I definitely agree with that, but considering there are probably millions of unprotected computers out there, anything running is better than nothing. One other thought - I wonder what the conversion rate is on some of the pre-installed software? I assume it's pretty good, or companies wouldn't pay to have their software preinstalled. I can't say I know anyone that's paid to buy full versions of any of the software that's come on their computer, but there must be many that do.

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In the case of Acer... I'm using a business notebook from 2007, when I got it new it had all kind of Acer crap on it. Unnecessary crap you know, like an application for Wifi, while Windows just handles it better imo, and another truck load of this ^^%@$. I uninstalled all of it, but the notebook was still lame as a snail. And that with XP Pro and 2GB at that time. So, a more thorough investigation was in order. In the end I got all crap out of it and it still struggled. That's where I made the decision to do a fresh, clean install, and that cured it. Afterward I put in another (faster) hard disk drive, 4GB of RAM and switched to 64bit. I don't regret it one second. The thing flies now. :thumbsup: Yep, off course the warranty was over the moment I stepped out of the door with the then new notebook, but I don't give a thing about that, because I can repair it myself if needed.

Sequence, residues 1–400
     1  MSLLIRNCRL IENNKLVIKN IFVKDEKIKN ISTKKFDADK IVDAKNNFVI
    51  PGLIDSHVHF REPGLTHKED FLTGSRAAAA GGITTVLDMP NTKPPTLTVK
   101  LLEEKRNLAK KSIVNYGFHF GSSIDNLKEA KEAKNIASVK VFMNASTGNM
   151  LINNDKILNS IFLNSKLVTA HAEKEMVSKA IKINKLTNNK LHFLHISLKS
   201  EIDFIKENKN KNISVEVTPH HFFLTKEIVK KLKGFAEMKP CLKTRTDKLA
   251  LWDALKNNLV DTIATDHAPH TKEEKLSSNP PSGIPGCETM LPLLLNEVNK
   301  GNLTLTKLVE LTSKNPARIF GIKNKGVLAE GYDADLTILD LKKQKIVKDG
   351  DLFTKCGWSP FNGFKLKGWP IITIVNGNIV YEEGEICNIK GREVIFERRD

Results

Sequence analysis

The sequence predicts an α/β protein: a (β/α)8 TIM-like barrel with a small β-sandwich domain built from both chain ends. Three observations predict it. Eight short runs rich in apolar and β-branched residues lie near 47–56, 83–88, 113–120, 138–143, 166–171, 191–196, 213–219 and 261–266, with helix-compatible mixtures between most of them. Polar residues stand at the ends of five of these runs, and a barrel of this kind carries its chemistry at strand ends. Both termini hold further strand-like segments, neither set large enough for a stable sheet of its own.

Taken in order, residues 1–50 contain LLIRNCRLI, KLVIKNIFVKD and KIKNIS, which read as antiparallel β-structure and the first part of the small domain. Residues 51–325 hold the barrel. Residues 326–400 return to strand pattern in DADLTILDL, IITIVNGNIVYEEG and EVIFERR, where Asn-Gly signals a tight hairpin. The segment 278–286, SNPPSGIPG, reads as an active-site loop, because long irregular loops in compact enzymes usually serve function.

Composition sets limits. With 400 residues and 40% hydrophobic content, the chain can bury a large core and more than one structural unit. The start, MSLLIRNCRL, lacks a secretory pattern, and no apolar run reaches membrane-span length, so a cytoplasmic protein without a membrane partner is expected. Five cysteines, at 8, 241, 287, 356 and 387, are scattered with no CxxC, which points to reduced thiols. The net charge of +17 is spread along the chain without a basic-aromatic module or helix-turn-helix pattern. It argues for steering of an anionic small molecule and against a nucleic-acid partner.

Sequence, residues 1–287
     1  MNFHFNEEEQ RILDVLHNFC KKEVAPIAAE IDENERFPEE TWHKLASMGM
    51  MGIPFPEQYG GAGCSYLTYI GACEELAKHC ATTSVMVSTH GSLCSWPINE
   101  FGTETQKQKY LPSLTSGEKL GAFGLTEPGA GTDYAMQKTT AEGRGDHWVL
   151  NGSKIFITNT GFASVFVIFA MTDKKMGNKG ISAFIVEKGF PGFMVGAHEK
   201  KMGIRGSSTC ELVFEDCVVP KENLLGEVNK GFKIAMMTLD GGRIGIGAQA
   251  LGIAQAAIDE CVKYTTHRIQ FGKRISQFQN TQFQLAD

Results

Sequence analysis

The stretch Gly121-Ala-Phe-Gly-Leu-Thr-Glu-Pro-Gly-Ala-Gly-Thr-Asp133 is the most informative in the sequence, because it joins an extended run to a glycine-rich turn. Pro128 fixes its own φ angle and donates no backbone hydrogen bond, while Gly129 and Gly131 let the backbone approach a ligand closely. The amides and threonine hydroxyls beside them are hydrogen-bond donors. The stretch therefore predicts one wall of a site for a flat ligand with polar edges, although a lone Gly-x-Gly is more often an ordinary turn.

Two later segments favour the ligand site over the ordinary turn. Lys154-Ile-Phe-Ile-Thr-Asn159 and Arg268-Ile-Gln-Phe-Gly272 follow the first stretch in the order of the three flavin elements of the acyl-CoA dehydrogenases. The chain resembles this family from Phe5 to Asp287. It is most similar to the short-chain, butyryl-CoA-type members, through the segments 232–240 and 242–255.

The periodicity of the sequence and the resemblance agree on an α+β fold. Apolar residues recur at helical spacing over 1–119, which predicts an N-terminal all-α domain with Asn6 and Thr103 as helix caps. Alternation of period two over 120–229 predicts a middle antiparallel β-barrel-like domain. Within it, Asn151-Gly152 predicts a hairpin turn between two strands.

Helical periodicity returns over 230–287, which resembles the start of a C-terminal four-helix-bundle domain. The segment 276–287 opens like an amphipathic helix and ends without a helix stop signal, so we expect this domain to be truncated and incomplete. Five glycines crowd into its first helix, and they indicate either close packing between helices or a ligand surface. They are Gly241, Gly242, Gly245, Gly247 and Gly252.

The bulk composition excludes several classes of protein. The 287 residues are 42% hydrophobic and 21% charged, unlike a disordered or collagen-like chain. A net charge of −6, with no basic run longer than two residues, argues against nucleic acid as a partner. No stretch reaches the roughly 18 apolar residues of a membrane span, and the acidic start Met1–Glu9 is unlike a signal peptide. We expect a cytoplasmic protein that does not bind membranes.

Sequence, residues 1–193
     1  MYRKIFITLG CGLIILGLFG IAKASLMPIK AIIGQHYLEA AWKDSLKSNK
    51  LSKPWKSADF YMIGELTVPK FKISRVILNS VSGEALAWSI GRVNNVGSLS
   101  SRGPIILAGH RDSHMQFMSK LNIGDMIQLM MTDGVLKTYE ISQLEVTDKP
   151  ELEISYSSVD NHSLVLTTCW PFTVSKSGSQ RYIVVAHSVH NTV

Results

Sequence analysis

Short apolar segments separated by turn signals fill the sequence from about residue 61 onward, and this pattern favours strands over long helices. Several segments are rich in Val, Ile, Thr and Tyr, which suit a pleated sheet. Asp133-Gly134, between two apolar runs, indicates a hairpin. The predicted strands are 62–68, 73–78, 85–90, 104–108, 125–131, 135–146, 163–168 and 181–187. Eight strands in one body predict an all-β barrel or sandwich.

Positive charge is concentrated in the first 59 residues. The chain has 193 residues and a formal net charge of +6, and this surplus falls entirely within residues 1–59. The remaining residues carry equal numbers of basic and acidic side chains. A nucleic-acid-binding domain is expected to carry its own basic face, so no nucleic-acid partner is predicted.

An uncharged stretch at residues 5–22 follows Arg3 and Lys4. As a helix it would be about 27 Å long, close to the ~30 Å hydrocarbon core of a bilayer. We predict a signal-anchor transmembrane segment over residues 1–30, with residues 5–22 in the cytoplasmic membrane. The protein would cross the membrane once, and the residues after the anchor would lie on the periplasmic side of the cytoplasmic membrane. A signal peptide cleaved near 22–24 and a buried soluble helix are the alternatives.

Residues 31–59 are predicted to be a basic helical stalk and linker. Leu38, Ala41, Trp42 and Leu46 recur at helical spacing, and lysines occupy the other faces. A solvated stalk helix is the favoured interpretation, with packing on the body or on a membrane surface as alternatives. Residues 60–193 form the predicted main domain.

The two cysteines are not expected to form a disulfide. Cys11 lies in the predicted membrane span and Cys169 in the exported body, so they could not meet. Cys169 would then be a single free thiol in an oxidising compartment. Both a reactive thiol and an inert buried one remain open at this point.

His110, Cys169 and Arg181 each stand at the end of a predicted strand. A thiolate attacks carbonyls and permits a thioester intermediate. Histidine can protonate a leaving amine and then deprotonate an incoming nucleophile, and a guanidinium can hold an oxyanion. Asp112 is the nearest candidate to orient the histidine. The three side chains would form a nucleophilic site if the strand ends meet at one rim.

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I've got an HP/Compaq laptop and it was truly amazing how much better it ran after a clean install of XP. When my Father purchased an Acer laptop last year I spend not less than 3 hours removing the crapware and installing full versions of free or nearly free utilities that are as good or better than the hobbleware that came on the thing. Once anyone gets some face time with a fresh install there is no way they are going to want anything else. What I don't like are the partial or trial applications preinstalled such as AV products different vendors. So many people just click the "Yes, extend my subscription" after the trial ends and have no idea that they can find a much better product out there for that money.

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What I don't like are the partial or trial applications preinstalled such as AV products different vendors. So many people just click the "Yes, extend my subscription" after the trial ends and have no idea that they can find a much better product out there for that money.
That's where the computer manufacturers make some extra money... at the expense of the customer who's left with a borked system incl. registry.